Yep. That’s right. There’s no actual chocolate in this jam. Just chocolate liqueur. It’s so good. This one happens to have a great chocolate flavor, not bitter & not fake-tasting, with no cream (unlike the Mozart or Godiva liqueurs which are divine but being cream based, I can only imagine they would not bode well for jam making). Perfect in a martini or even straight up. It looks as though it’s a bit difficult to find now, I bought it a while ago but I’m fairly sure my liquor store still sells it. Anyway, you could just as easily use a chocolate vodka, vanilla vodka, regular vodka, any liqueur not cream based… and even Chambord or Cointreau. Whatever flavor you like. I just happen to think strawberries & chocolate are a great flavor combination, so that’s why this struck me as a good idea. But why not use blackberries & Chambord? Or raspberries & pomegranate vodka? It all sounds pretty awesome. And if you’re gonna make a jam, why not make one with liquor!? Isn’t there an Ogden Nash quote, “Candy is dandy but liquor is quicker”?

Yes, those are fake strawberries.

Here’s the deal: I made this on a whim after a “buy one get one free” sale on strawberries. I was partially inspired by a jam recipe that Tania made & sent me from Poet in the Pantry, but I wanted to do a different spin on the chocolate/strawberry thing. So I kind of made it up as I went along. I can’t come close to telling you the exact process I went through, and I’d feel terrible if I wrote something up that was awful, & you wasted 2 pounds of berries. So I won’t lead you down a terrible path by giving you one of my mangy, sad, made-up jam recipes that might not work for you. But I will say this: find a good strawberry jam recipe that makes about 3-4 pints (with the use of pectin, unless you’re confident about your strawberries gelling naturally, which I am not), and add  ⅓-½ cup liqueur of your choice to it. I actually only used ¼ cup and it was too subtle for my liking. You could taste it, but not quite enough for me. My base recipe was this small batch one from Food in Jars (except I altered it to use 2 lbs of berries, I added pectin & took out the vanilla).

My jam also took a few days to firm up properly, even with the pectin. It was sorta gelling before I jarred it, but after I stirred in the alcohol it watered down a bit. However, it definitely got more firm as it settled. Possibly it took longer because of the alcohol addition? I’m not sure. If you don’t like to play with fire that way, do the cold plate test until you’re 100% positive it’s ready, then add the liqueur once it definitely is. I knew based on my sugar/acid/pectin that I’d be good, eventually, so I didn’t worry about it setting up. And even if it didn’t, I probably wouldn’t have cared. It was only a small batch, and let’s be honest: strawberry chocolate liqueur ice cream syrup sounds pretty awesome. I am no expert by any means, though, so don’t take my word for it. There are plenty of other people who know what they’re doing far better than I. I’m just a lowly canning neophyte.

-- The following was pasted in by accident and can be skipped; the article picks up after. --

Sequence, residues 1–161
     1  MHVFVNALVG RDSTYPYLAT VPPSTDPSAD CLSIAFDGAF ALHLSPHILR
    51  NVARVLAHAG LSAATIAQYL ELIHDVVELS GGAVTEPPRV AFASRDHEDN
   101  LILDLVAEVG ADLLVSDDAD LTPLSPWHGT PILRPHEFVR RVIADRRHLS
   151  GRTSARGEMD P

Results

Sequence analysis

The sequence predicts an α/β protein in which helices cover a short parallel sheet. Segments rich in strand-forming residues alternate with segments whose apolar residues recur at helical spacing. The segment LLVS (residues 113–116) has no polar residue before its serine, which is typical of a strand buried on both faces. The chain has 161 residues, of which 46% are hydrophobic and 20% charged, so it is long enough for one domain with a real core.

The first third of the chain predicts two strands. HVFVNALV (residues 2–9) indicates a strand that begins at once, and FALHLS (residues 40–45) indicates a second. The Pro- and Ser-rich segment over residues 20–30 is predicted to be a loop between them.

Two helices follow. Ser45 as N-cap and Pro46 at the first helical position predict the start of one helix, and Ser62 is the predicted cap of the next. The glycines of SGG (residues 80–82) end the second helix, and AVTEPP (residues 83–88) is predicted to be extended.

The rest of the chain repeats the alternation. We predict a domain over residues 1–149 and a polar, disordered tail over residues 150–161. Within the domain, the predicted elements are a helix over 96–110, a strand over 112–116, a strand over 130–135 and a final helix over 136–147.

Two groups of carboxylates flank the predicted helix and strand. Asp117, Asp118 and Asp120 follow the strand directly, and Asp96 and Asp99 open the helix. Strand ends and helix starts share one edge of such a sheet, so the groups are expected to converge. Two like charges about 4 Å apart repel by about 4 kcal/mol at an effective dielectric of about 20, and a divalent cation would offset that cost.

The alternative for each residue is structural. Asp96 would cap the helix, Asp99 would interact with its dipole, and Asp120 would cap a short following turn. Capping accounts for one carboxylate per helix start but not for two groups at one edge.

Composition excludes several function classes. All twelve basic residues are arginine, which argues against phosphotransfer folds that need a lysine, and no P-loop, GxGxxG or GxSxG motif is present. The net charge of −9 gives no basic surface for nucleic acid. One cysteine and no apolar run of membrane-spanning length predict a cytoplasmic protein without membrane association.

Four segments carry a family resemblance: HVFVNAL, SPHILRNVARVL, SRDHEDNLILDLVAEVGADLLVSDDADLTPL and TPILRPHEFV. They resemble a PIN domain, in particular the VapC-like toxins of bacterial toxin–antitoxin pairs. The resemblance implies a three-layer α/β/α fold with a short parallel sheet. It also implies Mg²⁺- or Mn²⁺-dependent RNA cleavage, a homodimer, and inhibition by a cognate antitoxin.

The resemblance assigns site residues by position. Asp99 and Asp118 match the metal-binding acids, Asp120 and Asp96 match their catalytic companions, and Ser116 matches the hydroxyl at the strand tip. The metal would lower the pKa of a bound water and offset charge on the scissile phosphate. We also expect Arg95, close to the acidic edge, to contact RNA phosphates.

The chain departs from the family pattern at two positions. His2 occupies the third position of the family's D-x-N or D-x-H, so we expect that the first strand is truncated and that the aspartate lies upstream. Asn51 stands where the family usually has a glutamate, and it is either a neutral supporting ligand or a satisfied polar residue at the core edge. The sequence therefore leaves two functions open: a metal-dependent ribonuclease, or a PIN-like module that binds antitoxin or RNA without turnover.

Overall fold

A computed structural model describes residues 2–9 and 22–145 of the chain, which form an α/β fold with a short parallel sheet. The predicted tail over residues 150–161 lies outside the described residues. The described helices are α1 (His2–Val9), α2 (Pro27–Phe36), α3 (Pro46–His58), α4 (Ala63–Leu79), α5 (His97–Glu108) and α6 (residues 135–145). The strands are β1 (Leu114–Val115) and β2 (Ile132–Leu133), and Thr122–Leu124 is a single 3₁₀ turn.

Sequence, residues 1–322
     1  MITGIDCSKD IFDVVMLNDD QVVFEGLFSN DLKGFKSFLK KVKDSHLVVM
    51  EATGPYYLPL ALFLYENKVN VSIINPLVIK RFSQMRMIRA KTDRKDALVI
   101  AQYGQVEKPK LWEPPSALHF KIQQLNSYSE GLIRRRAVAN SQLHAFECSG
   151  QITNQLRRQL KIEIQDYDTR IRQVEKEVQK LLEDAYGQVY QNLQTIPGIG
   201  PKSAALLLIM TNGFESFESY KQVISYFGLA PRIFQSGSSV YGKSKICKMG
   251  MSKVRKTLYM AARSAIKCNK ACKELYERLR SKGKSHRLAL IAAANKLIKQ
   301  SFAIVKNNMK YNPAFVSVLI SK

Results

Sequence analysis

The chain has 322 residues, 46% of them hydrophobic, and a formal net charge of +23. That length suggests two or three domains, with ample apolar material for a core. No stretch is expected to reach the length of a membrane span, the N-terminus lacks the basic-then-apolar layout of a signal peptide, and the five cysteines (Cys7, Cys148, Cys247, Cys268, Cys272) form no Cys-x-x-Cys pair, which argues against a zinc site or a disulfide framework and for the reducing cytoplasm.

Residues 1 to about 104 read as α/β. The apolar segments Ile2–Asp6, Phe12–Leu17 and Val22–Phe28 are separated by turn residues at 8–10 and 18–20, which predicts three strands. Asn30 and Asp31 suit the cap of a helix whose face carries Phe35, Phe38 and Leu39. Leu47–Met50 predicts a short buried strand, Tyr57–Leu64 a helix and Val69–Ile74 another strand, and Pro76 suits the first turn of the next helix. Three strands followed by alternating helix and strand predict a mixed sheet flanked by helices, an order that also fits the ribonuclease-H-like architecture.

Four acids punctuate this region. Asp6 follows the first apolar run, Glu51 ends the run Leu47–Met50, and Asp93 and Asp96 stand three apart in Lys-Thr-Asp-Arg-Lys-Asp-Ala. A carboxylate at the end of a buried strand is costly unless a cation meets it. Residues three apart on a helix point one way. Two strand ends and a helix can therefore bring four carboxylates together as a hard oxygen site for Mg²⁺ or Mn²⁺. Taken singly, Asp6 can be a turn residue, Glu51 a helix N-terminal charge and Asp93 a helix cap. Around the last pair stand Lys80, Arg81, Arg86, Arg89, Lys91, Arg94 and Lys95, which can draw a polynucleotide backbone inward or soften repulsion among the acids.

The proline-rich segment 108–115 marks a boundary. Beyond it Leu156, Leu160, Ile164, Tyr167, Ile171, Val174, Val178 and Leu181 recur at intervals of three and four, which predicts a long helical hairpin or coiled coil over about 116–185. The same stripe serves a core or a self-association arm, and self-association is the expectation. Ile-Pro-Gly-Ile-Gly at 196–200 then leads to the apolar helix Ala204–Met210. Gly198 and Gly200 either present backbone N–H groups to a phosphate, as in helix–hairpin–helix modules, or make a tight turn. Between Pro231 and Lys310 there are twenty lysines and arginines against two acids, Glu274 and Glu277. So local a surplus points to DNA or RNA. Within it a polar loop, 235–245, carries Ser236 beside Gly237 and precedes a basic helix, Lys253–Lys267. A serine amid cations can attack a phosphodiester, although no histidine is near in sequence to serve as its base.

Clearly backlit from heaven!

This recipe makes roughly 3 pints. I filled up two & a half-pint jars for the waterbath/canning process, and then had a bit left over that might have been a bit under 6-8 oz. I just put that right in the fridge in an old marmalade jar for immediate use. That little part of the batch firmed up right away, probably from the cold. I had some right away and it was a bit sweet, but I know a lot of jams “mellow” in the jar after processing & sitting, which the small jar did not get a chance to do. Plus, the colder the jam is, the less sweet it will taste, so if you refrigerate it after a few days, even before it’s opened, it’ll dull the sweetness. Same principle as when making ice cream- it may seem too sweet, but when it’s frozen it’s really not. Or something.

What a beautiful jewel-toned ruby colored jam this is. I could just stare at it in the jar all day. But that would be weird, right?

This would be a great cupcake filling, by the way. I’m thinking of a chocolate cupcake with this jam as a filling, and then an Italian meringue buttercream frosting made with some of the jam as well. Unf. That would be phenomenal. And how about a homemade pop-tart made with this? INSANE. Although… on two pieces of soft wheat toast it wasn’t exactly disgusting, let me tell you. Far from it.

But… you can also make it into a bunch of mini cobblers. Strawberry chocolate liqueur mini-cobblers made in little ramekins! Adorable. Totes adorbs. And everything tastes better when it’s homemade start to finish, amirite?

Yep. Take it all in.  Homemade mini-cobblers made with homemade strawberry chocolate liqueur jam. Are you loving this yet?


Makes about 8 average sized ramekins


  • 1 16-ounce jar strawberry chocolate liqueur jam
  • 1 cup all-purpose flour
  • ½ cup granulated sugar
  • 1 teaspoon baking powder
  • ½ teaspoon salt
  • 6 tablespoons unsalted butter, cold & cut into pieces


  1. Preheat your oven to 400º F. Cover a baking sheet with aluminum foil (because the jam will overflow & things will get very messy) and place ramekins on it. Spray ramekins with cooking spray, lightly & evenly, to make clean-up easier later.
  2. Mix flour, sugar, baking powder & salt in a medium bowl. Cut in butter until mixture resembles coarse cornmeal. Spoon jam into ramekins, filling almost up to the top, maybe ¾”  away from it.
  3. Top each jam-filled ramekin with a heaping pile of the flour mixture. Bake for 20-25 minutes or until it starts to turn golden-brown. Remove, and allow to cool for 5-10 minutes. Best eaten when still fairly warm, but I know some people who wouldn’t turn it down room temperature either.

And there you have it. I finally got around to baking something! How exciting. Although it was my first time baking since my grandma passed, and it was pretty hard. I’d normally bring some of whatever I made to her, and she’d eat it and rave about it and tell everyone how amazing it was. But, life goes on, and I know the last thing she’d want is to hear me complain or stop baking or be weepy & sad. At least I keep telling myself that.

Either way, this is some excellent cobbler, and I bet my Nana is pretty pissed that she missed it.